Because the confidentiality protections of article I, section 7 were deemed non-fundamental, the Court applied a balancing analysis that allows the State “to require the [public] disclosure of personal information when it serves a legitimate governmental interest.” Under that standard, the Court determined that article I, section 7 did not afford public employees protection against disclosure of their birthdates associated with their names.

The lead dissent, authored by Justice Wiggins, is particularly critical of the majority’s adherence to the sixty-year-old Restatement as the defining standard for protected privacy interests, observing that this is inconsistent with evolving notions of privacy in the age of technology. The dissent points out that birthdates, particularly associated with a person’s full name, often play an important role in confirming a person’s identity in the digital world—something nefarious actors are all too willing to take advantage of. In this context, release of such personal information is both “highly offensive” and “not of legitimate concern to the public.” Justice Wiggins also takes aim at the majority’s decision to evaluate the unions’ article I, section 7 argument under the “rational basis review” standard. Justice Wiggins notes that the case law cited by the majority involved disclosures of private information to the state government, not by the state government to third parties—a distinction Justice Wiggins describes as a “fundamental mismatch.” Rather, the guarantee of article I, section 7, as well as the privacy protections of the PRA itself, should be interpreted in light of technological progress and changing notions of privacy in the modern age.

Perhaps the sharpest critique of the majority’s decision comes from Justice Gonzalez’s concurring dissent, which points out the incongruity of the majority’s decision and the statutory security breach section of the PRA, RCW 42.56.590. Justice Gonzalez notes that in RCW 42.56.590, the legislature has defined “personal information,” as an “individual’s first name or first initial and last name in combination with any one or more of…[various] data elements.” Effective March 1, 2020, those data elements will include “full date of birth.” Laws of 2019, ch. 241, § 5. Thus as of March 1, 2020, if a cybercriminal hacked into an agency database and accessed employee names and full birthdates, the agency would have a duty to notify the affected individuals, and the attorney general or media depending on the scope of the breach, consistent with RCW 42.56.590. Yet, if such information was disclosed in response to a public records request, the employee would be none the wiser. As Justice Gonzalez suggests, it seems hard to believe the legislature intended the PRA to undermine an agency’s protection of public employees’ personal information.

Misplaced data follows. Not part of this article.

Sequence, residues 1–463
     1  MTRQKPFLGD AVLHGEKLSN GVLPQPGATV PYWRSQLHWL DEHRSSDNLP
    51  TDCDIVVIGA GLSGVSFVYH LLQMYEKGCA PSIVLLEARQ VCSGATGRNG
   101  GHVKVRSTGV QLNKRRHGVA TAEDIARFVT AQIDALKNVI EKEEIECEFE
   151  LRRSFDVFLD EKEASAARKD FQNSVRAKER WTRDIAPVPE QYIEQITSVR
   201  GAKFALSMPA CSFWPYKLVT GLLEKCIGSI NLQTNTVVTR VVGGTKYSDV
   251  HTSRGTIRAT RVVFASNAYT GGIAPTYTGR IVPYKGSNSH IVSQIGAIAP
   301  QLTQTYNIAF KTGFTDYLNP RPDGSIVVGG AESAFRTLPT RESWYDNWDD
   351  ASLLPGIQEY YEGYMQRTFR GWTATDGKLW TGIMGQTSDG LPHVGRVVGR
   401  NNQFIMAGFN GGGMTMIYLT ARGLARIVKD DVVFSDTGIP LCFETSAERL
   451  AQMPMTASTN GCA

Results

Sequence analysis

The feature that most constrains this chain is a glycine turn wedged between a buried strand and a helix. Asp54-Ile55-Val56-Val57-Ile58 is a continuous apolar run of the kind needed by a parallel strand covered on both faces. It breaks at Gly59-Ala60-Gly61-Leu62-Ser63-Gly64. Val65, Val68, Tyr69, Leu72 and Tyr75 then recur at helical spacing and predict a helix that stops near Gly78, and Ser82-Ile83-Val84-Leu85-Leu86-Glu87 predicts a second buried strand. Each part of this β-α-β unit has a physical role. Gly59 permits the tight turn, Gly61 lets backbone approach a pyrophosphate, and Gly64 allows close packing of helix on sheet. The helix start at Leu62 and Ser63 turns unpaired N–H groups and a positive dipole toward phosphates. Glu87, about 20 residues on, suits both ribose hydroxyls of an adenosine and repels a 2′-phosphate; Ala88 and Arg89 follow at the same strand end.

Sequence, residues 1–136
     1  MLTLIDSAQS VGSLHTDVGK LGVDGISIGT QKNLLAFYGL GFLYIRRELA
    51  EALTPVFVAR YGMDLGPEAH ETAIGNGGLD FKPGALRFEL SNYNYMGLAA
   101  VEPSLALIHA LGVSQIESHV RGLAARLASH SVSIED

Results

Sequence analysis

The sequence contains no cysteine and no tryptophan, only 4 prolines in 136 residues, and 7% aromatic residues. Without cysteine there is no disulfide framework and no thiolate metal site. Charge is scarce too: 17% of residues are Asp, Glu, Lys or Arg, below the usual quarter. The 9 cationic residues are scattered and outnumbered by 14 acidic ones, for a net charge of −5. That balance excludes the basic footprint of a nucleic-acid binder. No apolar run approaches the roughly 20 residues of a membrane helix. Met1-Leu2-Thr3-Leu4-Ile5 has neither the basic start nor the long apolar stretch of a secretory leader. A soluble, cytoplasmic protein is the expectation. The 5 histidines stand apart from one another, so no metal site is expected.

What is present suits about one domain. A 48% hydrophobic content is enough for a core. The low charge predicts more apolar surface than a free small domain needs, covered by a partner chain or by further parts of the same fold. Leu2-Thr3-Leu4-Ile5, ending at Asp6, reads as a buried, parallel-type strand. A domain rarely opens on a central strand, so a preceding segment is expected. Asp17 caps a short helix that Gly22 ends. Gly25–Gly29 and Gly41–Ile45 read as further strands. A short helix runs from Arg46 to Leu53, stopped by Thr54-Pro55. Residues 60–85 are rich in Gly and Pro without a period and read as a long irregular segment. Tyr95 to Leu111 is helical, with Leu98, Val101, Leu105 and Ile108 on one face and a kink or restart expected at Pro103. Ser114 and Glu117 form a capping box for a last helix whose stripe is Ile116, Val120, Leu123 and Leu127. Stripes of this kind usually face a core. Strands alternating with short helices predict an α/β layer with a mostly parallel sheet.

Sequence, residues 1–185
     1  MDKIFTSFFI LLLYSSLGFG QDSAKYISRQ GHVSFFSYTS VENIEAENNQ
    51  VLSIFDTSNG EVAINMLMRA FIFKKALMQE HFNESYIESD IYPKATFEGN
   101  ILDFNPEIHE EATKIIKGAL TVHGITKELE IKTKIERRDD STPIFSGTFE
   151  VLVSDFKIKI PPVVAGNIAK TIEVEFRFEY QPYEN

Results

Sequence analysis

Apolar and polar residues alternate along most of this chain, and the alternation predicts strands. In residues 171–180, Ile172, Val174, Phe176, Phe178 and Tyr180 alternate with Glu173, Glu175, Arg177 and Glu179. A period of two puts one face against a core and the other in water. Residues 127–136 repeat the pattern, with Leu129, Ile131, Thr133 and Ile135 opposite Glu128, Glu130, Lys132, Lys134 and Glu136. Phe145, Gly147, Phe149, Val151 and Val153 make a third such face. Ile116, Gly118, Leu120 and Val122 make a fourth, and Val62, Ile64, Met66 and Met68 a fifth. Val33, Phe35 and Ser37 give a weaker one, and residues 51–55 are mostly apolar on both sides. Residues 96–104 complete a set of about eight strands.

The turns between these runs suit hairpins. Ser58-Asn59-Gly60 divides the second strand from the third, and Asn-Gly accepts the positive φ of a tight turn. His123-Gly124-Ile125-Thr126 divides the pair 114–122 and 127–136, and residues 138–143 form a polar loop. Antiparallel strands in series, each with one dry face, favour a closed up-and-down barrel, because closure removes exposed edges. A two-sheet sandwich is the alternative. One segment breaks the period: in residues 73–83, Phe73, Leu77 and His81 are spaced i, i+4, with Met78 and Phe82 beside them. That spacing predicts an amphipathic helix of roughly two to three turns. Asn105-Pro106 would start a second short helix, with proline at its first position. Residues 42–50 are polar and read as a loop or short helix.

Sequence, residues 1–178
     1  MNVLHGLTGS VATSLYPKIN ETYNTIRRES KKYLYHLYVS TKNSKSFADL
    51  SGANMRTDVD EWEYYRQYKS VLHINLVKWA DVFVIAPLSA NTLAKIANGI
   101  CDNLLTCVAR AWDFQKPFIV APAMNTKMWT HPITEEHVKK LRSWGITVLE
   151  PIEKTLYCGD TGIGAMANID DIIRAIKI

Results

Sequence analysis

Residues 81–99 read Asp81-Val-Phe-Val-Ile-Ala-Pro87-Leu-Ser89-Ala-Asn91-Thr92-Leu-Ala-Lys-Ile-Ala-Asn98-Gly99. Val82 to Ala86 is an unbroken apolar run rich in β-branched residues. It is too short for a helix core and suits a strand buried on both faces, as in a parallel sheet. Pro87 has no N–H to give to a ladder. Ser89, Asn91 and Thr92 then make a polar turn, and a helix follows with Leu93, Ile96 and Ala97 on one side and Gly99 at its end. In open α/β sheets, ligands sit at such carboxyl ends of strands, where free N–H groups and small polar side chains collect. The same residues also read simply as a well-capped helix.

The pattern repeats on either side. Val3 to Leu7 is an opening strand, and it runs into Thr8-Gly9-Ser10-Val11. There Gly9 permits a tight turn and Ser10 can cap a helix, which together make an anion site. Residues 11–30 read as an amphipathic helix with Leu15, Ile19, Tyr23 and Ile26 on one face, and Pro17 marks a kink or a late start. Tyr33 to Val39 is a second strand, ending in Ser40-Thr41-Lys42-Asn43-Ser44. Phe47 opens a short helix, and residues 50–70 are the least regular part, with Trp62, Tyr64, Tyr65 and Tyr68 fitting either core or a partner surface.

With comprehensive privacy legislation, such as the proposed Washington Privacy Act, on the horizon for Washington State, the legislature should consider whether changes to the PRA are also necessary to ensure that public employees are entitled to the same protections against disclosure of their personal information as other Washington residents. Public employees are no less susceptible to identity theft and other digital crimes than private citizens—and with the Court’s decision in this case, perhaps they are more exposed.

Local Open Government Blog covers the latest in open government across the Pacific Northwest, including the Public Records Act, the Open Public Meetings Act, public disclosure, campaign finance and the Freedom of Information Act.